WARNING: Spoilery if you haven’t seen the trailer
I’ve categorised this as a comedy thriller, as aspects of it – Isabelle Huppert’s lusciously frenzied performance, a gleefully hideous injury (in close-up!), the shriekingly signalling music – position it like that, though the rest of the cast play it straight and there aren’t any jokes as such.
Huppert is so wonderfully histrionic as Greta, the widowed self-styled mother figure, that it’s hard to root for her victim, Frances – who’ll also lose points with Tribeca loft-living viewers for microwaving her coffee.
Greta is about a middle-aged woman who buys too many handbags. Why wouldn’t I like it? And her? And I, too, often return from a shopping trip to discover I actually have several identical items already in the cupboard.
The identical handbags Greta “loses” on the subway in the hope that helpful young women will return them to her (the scene was revealed in the trailer, which you can watch below) are fabulously shocking as Greta’s bait-and-witch technique is revealed, even though really there’s no need for them to be the same. It is, though, a brilliant visual detail which instantly conveys Greta’s sinister strategy, and in a film that’s actually very straightforward we need those shuddering “oh shit” shocks.
Frances (Chloe Grace Moretz), lives in a vast Tribeca loft with her friend Erica (Maika Monroe) who is both richer than Frances (her dad bought the apartment) and more streetwise. “You find a bag, you call bomb squad” is her Manhattan-ready reaction when Frances comes home with the handbag she found on the subway, intent on tracking down its owner. She also realises how unhinged Greta is before anyone else.
Frances works in a restaurant, cycles around the city (and their vast apartment), and tries to cope with the death of her mother a year ago. The enjoyably privileged Erica wears jackets last seen in Adam And The Ants videos, and favours colonic irrigations where asparagus juice is squirted up her butt.
Even on their first meeting – when Frances turns up at Greta’s door with that handbag, with Greta’s ID in it – Greta is already using emotional blackmail. The coffee she offers is already brewing she says, and once she sees how easily she can manipulate the kind and lonely Frances with her own loneliness, she knows she’s reeled in another victim.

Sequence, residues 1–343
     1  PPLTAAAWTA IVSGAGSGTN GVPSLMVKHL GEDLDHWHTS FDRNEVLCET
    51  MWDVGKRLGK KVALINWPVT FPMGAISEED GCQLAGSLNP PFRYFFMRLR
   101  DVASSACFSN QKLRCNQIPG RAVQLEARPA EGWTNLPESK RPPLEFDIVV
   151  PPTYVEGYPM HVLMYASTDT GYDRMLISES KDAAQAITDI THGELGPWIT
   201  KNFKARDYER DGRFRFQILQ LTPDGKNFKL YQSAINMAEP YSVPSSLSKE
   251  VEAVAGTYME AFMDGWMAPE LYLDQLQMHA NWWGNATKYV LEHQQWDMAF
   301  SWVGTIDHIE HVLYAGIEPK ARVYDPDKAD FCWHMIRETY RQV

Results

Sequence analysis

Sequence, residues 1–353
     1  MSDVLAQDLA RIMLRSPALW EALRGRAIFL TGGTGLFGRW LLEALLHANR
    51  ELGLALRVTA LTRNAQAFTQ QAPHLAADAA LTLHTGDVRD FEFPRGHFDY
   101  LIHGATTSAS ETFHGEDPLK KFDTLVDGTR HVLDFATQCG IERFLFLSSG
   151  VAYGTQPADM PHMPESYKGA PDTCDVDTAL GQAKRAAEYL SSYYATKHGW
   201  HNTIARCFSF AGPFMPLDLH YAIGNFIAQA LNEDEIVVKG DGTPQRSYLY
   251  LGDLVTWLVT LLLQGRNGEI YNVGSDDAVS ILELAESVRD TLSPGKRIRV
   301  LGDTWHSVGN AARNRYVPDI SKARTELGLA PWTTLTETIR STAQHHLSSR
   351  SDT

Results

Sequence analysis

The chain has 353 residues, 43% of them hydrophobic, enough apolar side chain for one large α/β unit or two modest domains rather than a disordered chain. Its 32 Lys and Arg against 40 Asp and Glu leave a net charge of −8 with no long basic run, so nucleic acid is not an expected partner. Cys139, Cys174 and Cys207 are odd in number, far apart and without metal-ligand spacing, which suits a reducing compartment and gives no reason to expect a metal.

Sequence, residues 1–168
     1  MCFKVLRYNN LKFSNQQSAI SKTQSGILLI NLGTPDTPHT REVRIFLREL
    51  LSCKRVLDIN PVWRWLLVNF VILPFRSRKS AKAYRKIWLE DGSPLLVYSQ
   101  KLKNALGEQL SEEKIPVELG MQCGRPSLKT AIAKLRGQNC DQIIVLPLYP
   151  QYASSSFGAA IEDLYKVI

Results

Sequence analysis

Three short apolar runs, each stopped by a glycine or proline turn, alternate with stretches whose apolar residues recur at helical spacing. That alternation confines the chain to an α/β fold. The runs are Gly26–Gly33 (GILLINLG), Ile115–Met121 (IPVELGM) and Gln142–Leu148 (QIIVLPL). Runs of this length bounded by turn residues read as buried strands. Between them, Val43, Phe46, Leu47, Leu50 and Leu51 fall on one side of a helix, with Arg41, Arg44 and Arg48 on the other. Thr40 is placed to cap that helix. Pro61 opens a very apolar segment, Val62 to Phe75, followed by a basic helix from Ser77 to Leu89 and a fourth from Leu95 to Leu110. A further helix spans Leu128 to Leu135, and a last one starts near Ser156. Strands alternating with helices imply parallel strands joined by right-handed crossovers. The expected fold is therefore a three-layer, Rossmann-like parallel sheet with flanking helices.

Still, lots of people are odd, and I can attest that once women hit middle-age we really stop caring whether people think we’re weird or not. Even as Greta describes her husband’s illness through piano-playing, it could still, if we didn’t know we were watching a thriller about a stalker, turn into one of those age-gap friendship articles so beloved by The Guardian.
The first half of Greta is traditional stalker thriller territory as Greta is revealed to be first needy, then unnerving, then downright frightening. The second half has Huppert unleashing her inner crazy lady on the world, Greta entirely unconcerned about her very public intrusions. No bunnies are boiled though she follows, taunts, threatens, wheedles and worse, seemingly with impunity.
She’s aggressive and violent, though Huppert is often most frightening when highlighting Greta’s unpredictability, as she first declares “I love you” (still unusual to hear from one woman to an unwilling female recipient), then spits chewing gum at her victim.
Huppert’s performance leaves Moretz’s character looking weedier than her responses to the stalking imply. Moretz is a fantastic actress (check out The Miseducation Of Cameron Post, one of last year’s neglected gems, which she starred in) so it’s not that she’s outclassed by Huppert, more that Frances is one-note, and quite dull, and Moretz is swamped by her scene-stealing opponent. (Even Greta wouldn’t be very interesting if it wasn’t for Huppert extracting every ounce of madness from her character.) Ultimately, I never felt engaged by Frances and I didn’t care whether she survived Greta’s final, horrible plans or not.
Frances also does some very stupid things, including trying to escape by running down into a dark basement she’s never been into before. A private detective makes errors that even I wouldn’t make and I’m terrible at lying, and detecting. There are plotholes everywhere (though you could argue that once Greta leaves all realism behind, these plotholes perhaps seem less worthy of note). Other threads are left hanging: Greta’s previous victim, Frances’s investigations into both Greta’s web of lies and the pet dog.
The film doesn’t show the gradual effects of Greta’s stalking; we never feel Frances’s world subtly shrinking, the constant state of alert.
Besides Huppert, it’s often the details that add interest. Greta’s little house, a pretty oasis in a semi-industrial, urban area, reminded me of the witch’s cottage in the woods in Hansel and Gretel. It’s small, elegant and dark, with bright sunlight occasionally pouring in.
There’s a physical contrast between the two women, Greta’s unhappy, chalk-white complexion and her too-dark lipstick on thin lips next to Frances’ dewily youthful skin and plump mouth. Next to the coldly monstrous, ramrod-backed, super-slender Greta, the warm-natured Frances looks voluptuous, her hair bouncy and artfully highlighted compared to Greta’s dyed red, straight locks.
This is a wayward movie, temporarily wandering off in different genre, plot and style directions, and this inconsistency means that despite sections of highly enjoyable nonsense, and its impressive cast (Stephen Rea and Zawe Ashton also appear) it also often feels very flat. There won’t be any of the arguments that raged over Fatal Attraction 30 years ago for example, around whether Glenn Close’s spurned lover Alex was also actually a victim.
Greta needs either more depth or more overwrought B-movie melodrama to really work.
Watch more: clips from the movie, interviews with the director and stars, and the Five warning signs you might have a clingy friend… teaser.